Joe Exotic Is Now Under Quarantine in Prison & We Don’t Know How to Process This

Joe Exotic in Netflix's 'Tiger King'
Photo: Netflix.

Well, if this just isn’t the wildest confluence of current popular events. According to his husband, Joe Exotic is in coronavirus quarantine in prison following Tiger King on Netflix’s insane popularity. This means the 57-year-old, whose real name is Joseph Maldonado-Passage, has not only become a topic of worldwide attention since the docuseries premiered on March 20, 2020—now he’s even become entangled in the very same global crisis most of us were trying to forget, all while watching his misadventures on our screens. Could 2020 get any weirder?

News of Joe Exotic’s quarantine arrived on Wednesday, April 1, in an interview conducted by Andy Cohen on his SiriusXM radio show. Cohen spoke to 24-year-old Dillon Passage, Joe’s fourth husband, about his relationship to the “Tiger King” and more. There were a lot of things to glean from their chat—like, the fact that Dillon actually never met Carole Baskin, and that, yes, he’s still married to Joe while he serves out his prison sentence. But perhaps the most disturbing update was that Joe is now under quarantine after possibly being exposed to COVID-19.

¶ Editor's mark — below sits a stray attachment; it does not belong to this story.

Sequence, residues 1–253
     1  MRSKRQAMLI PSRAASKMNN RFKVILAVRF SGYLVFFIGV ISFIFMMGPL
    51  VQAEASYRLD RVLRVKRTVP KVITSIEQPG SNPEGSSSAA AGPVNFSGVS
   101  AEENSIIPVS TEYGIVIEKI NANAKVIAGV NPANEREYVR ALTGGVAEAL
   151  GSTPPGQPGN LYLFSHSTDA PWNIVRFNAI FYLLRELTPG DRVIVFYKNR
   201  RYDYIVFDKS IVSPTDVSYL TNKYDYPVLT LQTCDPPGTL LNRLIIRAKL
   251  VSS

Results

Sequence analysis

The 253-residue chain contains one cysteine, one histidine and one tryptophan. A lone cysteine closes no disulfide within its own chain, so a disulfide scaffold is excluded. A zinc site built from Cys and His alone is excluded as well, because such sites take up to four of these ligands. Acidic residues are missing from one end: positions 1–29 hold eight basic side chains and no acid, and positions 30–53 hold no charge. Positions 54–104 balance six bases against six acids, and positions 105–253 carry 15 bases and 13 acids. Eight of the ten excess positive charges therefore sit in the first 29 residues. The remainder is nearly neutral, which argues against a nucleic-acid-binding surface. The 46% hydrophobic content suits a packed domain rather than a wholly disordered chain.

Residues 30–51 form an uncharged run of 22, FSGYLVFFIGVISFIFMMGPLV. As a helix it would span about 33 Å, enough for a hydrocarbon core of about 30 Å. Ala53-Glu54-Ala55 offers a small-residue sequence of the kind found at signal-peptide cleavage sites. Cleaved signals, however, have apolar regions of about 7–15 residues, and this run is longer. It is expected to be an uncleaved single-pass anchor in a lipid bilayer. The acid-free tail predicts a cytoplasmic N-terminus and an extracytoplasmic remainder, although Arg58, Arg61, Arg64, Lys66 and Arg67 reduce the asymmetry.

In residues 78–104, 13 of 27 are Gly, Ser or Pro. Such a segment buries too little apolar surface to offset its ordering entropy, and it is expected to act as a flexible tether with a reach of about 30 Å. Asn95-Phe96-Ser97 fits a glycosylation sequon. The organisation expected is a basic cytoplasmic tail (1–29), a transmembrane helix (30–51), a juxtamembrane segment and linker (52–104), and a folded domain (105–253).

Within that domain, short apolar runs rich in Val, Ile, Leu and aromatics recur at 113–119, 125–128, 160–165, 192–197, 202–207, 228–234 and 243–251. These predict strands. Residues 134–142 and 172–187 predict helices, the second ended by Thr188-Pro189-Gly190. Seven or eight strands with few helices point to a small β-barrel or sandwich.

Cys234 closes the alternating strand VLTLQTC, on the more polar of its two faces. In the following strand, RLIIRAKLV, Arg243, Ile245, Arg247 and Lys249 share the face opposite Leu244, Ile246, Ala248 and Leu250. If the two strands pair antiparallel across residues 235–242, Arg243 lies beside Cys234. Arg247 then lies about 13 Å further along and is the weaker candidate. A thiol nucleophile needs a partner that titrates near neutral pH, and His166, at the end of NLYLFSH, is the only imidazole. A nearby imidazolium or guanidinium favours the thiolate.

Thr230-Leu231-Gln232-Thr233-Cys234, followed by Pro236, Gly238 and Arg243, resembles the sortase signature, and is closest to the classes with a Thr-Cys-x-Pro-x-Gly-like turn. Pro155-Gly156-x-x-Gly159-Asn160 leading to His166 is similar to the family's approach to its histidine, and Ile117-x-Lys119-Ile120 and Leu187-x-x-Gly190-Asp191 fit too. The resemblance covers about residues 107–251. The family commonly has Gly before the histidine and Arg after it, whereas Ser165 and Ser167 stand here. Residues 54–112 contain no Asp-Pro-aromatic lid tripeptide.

According to inmate records received by NBC, it appears that Joe was transferred to the Fort Worth FMC, which is a federally operated prison medical center in Texas. He was reportedly placed in quarantine after it became clear that inmates at the jail where he’d last been held had tested positive for coronavirus.

While it’s unclear how long Joe will remain at the medical center, we do know how long his expected prison sentence is set at: 22 years. The founder and former operator of Oklahoma’s Greater Wynnewood Exotic Animal Park was convicted and sentenced in Jan. 2020 for a whole slew of crimes, including two counts of murder-for-hire (among which was his alleged plot to kill his rival, Carole Baskin, the CEO of Florida’s Big Cat Rescue), nine violations of the Endangered Species Act, and eight counts of violating the Lacey Act (another conservation law) after falsifying wildlife records.